Kansas

Opinion: Why HELP Could Be on the Way for Obamacare Recipients
Hopeful signs of bipartisan consensus on fixing health care markets

Senate HELP Committee leaders Lamar Alexander and Patty Murray could help spear bipartisan consensus in Congress for a short-term fix for Americans struggling to afford health insurance, Murphy writes. (Bill Clark/CQ Roll Call file photo)

Sen. Lamar Alexander had barely announced his plans to hold hearings next month on the Health, Education, Labor and Pensions Committee on stabilizing the insurance markets for Obamacare when the idea started getting panned.

Keep in mind there are no specific hearings scheduled yet, no witnesses, no bill written, and few parameters of what is on or off the table. Alexander, the committee chairman, has only said that he wants a final product to be “small, bipartisan, and balanced,” but he hasn’t said what that means, other than flexibility for states and short-term triage for the exchanges.

Some Notable Confirmations, Honors as Senate Wraps Up for Recess
Chamber approves Kay Bailey Hutchison, Mark Green, honors Bob Dole

The Senate on Thursday confirmed former Texas Sen. Kay Bailey Hutchison to be U.S. ambassador to NATO. (Tom Williams/CQ Roll Call file photo)

The Senate wrapped up its summer session Thursday after confirming a large bloc of executive nominees, including a former senator and former House member. It also approved awarding the Congressional Gold Medal to former Sen. Bob Dole, the 94-year-old Kansas Republican whose long service included stints at majority and minority leader and who has continued to advocate causes ranging from the rights of the disabled to veterans issues.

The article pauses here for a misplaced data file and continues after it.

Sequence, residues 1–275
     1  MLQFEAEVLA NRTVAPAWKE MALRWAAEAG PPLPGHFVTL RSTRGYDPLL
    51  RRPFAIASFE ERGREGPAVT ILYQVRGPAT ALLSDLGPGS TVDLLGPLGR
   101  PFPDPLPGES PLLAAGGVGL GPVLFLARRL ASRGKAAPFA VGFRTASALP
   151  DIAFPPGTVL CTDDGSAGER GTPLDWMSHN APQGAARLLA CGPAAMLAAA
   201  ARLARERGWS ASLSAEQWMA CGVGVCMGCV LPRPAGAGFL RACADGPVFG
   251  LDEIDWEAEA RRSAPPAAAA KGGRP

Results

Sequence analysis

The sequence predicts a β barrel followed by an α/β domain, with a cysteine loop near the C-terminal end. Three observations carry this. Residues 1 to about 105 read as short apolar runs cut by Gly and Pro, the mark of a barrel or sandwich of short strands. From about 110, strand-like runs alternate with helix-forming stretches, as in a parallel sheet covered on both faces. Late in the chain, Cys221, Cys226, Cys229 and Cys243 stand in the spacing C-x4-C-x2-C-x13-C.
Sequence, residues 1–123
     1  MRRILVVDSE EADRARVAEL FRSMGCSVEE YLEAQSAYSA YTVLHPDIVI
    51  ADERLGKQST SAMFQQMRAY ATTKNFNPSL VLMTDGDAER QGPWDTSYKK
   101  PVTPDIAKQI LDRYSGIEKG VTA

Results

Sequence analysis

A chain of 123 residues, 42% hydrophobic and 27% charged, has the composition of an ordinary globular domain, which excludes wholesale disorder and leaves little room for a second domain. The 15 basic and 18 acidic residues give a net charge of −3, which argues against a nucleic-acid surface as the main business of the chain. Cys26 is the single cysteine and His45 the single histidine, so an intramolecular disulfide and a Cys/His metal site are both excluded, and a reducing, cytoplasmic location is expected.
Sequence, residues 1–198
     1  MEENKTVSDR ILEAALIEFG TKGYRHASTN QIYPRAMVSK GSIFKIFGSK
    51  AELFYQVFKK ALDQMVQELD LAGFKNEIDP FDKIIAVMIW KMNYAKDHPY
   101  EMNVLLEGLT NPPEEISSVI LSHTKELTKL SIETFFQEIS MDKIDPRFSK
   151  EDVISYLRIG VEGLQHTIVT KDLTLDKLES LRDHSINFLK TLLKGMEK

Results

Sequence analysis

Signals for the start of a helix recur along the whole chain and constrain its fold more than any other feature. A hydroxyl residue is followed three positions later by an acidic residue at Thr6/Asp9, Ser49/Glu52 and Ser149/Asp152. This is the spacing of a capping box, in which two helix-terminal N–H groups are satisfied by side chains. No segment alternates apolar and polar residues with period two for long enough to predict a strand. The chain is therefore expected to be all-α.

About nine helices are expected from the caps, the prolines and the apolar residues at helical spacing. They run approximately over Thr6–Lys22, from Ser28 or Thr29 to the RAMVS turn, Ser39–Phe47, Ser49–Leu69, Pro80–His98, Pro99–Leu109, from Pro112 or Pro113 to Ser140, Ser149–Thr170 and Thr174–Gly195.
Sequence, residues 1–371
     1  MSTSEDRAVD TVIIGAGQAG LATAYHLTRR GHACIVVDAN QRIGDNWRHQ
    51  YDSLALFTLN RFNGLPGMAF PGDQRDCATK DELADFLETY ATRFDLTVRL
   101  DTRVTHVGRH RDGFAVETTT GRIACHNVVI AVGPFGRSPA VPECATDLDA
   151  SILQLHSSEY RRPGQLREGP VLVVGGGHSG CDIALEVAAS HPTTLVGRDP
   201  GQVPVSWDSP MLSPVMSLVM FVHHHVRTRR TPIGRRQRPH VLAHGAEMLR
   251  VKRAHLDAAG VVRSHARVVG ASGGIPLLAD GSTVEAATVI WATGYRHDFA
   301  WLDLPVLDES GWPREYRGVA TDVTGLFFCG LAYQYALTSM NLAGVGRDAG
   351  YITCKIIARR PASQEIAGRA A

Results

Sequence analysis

Among the 69 nominees confirmed in multiple en bloc packages, by voice vote and by unanimous consent, was a former member of the club, Texas GOP Sen. Kay Bailey Hutchison, President Donald Trump’s pick for U.S. ambassador to NATO. Her selection comes at a time when relations with NATO have frayed in light of Trump’s criticism of fellow NATO signatories and his icy relationship with top NATO leaders such as German Chancellor Angela Merkel. 

Word on the Hill: Weekend Plans?
WOTH will be back mid-August

It's finally the weekend so get out of the Capitol — and the capital. (Bill Clark/CQ Roll Call)

It’s the weekend in Washington and the Senate recess has finally arrived, so pick up a book from our summer reading list, or if you're feeling active, try to beat the number of steps that Rep. Tim Walz, D-Minn., takes in a day.

HOH went for a walk with the congressman recently and ran some errands around the complex with him.

Missouri’s Josh Hawley Forms Exploratory Committee for Senate Bid
GOP donors have been urging the state attorney general to challenge McCaskill

Sen. Roy Blunt, R-Mo., greets newly elected Missouri Attorney General Josh Hawley (right) prior to speaking to supporters in Springfield, Missouri in November. (Michael B. Thomas/Getty Images)

Missouri Attorney General Josh Hawley has formed an exploratory committee with the Federal Election Commission for a challenge to Democratic Sen. Claire McCaskill.

“Josh’s state campaign committee has ceased expenditures and the soliciting or accepting of donations while he considers becoming a federal candidate,” Hawley spokesman Scott Paradise said in an email, according to the Kansas City Star

White House Talks Tax Outreach, but Senators Guarded